Meriden YMCA

Meriden YMCA adds bilingual resources, child care for Spanish-speaking families

Link to article

MERIDEN — With the demographic shift in population of Latinos in Meriden, the YMCA implemented bilingual resources and child care programs for Spanish-speaking families. 

Meriden has 60,242 residents with 5.6 percent of them ages 5 and under. Thirty-six percent of the Meriden population identifies as Hispanic or Latino with 59 percent of the student population identified as Latino, according to the 2022 U.S. Census Bureau. 

Recently, the YMCA started developing bilingual child care enrollment materials with the help of Raquel Diaz, child care director of Meriden YMCA Early Learning Center and Hanover Little Hounds Preschool. 

Diaz fielded many inquiries about their programs since resources have been translated to Spanish.

“We translated the application in the handbook into Spanish so that it is easier,” Diaz said. “When seeing the application, it makes the families feel more comfortable to call and ask questions.”

The Meriden YMCA has eight different locations for child care, and with at least two bilingual teachers present. This includes their infants, toddlers and preschool section. 

“The process of translating the materials started last year,” Diaz said. “We were getting a lot of families who were coming from Guatemala and Ecuador and we wanted to be more accessible and welcoming to them.”

How much does it cost?

The YMCA has been supportive of families that have recently moved from their home country and are struggling with finding employment. 

Most of the programs the YMCA offers run on a sliding cost scale, which adjusts to the needs and income of individuals or families.

“We have grants, so for parents who may not have income, we still take their child in and charge them a zero dollar fee,” Diaz explained. “This is to give them the opportunity to job search while their child is learning and interacting with other children.”

This is a way that the YMCA builds trust and communication with Latino families.

How does the bilingual program work?

Diaz always explains to families the importance of early childhood development and how school readiness programs benefit children. 

“A child can fall behind and may have to work twice as hard to keep up with the other children once they start kindergarten,” she said. 

What is being taught?

At the YMCA Early Learning Center Preschool on 12 Johnson Ave., Jennifer Rodriguez, head teacher of one of the preschool’s classrooms, shared their learning process. 

The preschool is open from 7:45 a.m. to 5:30 p.m.

“During the day they get a chance to experience multiple activities,” she said. “The children learn to write, read and play with different materials in order to engage with each other.”

While the children learn about numbers, animals, and colors, Rodriguez said it is important to go back and forth between Spanish and English.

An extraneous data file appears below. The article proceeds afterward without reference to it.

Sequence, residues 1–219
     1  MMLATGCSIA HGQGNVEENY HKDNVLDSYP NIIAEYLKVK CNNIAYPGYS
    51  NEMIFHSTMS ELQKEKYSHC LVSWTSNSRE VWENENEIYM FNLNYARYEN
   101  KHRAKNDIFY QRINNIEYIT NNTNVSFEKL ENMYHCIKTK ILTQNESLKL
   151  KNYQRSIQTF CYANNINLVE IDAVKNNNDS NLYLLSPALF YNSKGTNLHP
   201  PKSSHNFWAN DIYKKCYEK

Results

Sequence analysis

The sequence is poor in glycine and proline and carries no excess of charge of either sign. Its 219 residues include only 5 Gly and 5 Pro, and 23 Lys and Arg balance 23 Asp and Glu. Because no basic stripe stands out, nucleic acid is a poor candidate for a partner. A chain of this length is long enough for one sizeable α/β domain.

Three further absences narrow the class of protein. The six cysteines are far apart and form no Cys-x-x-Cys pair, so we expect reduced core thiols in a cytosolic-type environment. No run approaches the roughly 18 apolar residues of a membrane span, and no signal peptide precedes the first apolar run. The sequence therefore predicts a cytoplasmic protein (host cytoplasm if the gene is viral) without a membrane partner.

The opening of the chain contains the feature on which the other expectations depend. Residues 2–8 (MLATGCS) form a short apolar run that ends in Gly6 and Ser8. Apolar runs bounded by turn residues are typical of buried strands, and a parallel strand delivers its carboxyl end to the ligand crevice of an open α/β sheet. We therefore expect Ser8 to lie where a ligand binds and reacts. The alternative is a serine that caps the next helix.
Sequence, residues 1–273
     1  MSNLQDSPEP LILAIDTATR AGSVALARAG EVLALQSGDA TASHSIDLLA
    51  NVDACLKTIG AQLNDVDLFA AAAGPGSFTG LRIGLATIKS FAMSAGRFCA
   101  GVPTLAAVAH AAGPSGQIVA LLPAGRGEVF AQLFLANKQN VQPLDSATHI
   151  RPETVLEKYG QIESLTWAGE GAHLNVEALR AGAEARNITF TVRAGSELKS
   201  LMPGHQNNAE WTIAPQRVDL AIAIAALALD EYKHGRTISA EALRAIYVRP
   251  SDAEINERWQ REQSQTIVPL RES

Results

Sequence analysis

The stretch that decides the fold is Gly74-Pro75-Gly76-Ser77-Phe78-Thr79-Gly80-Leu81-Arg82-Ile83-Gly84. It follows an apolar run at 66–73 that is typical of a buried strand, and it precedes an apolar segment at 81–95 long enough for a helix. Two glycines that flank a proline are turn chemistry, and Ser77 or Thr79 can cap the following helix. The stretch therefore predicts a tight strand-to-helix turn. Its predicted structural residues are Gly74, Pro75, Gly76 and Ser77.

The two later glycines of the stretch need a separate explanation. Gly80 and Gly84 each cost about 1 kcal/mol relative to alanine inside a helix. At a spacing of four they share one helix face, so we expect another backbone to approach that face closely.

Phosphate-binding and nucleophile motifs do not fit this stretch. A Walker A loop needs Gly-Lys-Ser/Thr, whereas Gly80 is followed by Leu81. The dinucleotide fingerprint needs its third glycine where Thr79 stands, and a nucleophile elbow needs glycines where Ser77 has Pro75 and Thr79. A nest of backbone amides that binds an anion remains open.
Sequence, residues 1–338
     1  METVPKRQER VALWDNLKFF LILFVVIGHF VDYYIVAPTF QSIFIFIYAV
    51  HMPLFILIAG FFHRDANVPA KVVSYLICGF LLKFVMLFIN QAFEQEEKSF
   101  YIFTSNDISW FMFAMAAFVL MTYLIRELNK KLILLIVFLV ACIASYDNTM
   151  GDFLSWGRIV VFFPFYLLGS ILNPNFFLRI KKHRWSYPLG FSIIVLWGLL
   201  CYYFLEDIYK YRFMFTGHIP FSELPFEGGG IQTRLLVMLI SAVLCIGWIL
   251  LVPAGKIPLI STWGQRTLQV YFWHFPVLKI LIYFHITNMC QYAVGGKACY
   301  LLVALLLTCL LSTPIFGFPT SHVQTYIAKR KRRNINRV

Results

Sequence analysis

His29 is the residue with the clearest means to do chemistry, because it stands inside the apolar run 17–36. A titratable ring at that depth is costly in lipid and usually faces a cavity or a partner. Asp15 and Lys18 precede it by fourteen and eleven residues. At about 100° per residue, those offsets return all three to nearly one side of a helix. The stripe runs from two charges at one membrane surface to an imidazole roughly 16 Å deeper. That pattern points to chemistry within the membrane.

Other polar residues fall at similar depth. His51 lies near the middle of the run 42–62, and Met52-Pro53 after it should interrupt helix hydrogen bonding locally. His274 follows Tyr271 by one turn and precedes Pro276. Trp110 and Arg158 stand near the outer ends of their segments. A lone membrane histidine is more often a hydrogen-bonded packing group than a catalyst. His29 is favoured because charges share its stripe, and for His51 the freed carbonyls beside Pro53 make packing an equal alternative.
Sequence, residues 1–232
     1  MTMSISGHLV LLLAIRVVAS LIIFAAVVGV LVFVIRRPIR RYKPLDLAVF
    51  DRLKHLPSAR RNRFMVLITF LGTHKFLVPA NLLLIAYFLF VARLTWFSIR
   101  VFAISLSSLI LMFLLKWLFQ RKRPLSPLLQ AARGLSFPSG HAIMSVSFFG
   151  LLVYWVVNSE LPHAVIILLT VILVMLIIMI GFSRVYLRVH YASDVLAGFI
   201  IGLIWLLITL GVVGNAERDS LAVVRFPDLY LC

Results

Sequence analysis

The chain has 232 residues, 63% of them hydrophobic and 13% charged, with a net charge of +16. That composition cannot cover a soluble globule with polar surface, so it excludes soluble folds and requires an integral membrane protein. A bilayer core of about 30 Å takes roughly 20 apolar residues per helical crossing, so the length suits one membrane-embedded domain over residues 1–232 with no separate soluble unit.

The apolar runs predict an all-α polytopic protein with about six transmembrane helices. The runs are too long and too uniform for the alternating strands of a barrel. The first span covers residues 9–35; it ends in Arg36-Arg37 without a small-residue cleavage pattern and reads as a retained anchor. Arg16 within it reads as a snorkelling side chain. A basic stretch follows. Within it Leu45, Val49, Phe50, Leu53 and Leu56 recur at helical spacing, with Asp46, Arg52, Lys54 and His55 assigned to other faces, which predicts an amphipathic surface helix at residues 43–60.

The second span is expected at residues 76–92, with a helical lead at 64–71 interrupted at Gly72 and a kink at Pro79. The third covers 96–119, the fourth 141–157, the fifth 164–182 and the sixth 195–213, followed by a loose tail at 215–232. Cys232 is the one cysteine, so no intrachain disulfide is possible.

“We were just reading stories in Spanish recently,” Rodriguez said. “It is also beneficial to students who are learning Spanish.”

How are parents responding?

Jhoayra Hernández, of Meriden, found the bilingual program to be helpful to not only her daughter, but to herself. She enrolled her 3-year-old daughter Emma Mendez Hernández into the program about a year ago. It was an easy process due to the resources and help from the directors and teachers. 

When looking for preschool for her daughter, Hernández was looking for bilingual programs. Since Hernández grew up in Cotui, Dominican Republic, her first language was Spanish. She started learning English once coming to the United States in 2013. 

“At first, I was a little worried when looking for a preschool for Emma because she didn’t know any English. We only spoke Spanish at home,” she said. “I’m not fluent myself and I was nervous that Emma wasn’t going to be able to adapt and communicate with the other students and teachers.”

Now, Mendez is bilingual, switching between both languages depending on who she is talking to. 

“She has learned so much English here,” Hernández said. “We still only speak Spanish at home so she can maintain both languages.”

According to Diaz, it hasn’t been difficult switching between languages with the students. 

“Even though the children may speak different languages, it does not cause any barriers,” she said. “When it comes to learning a second language at a young age, they absorb and retain it better.”

Zaireliz Gaston, Meriden resident and worker at the Early Learning Center Preschool, also enrolled her 2-year-old daughter Hazeliz Gaston into the program when she was 6 months old. 

“That's also when I started working here,” she said. “I saw that it was a great program and that my daughter would be able to learn both languages. I speak Spanish at home with her because she will speak English everywhere else.”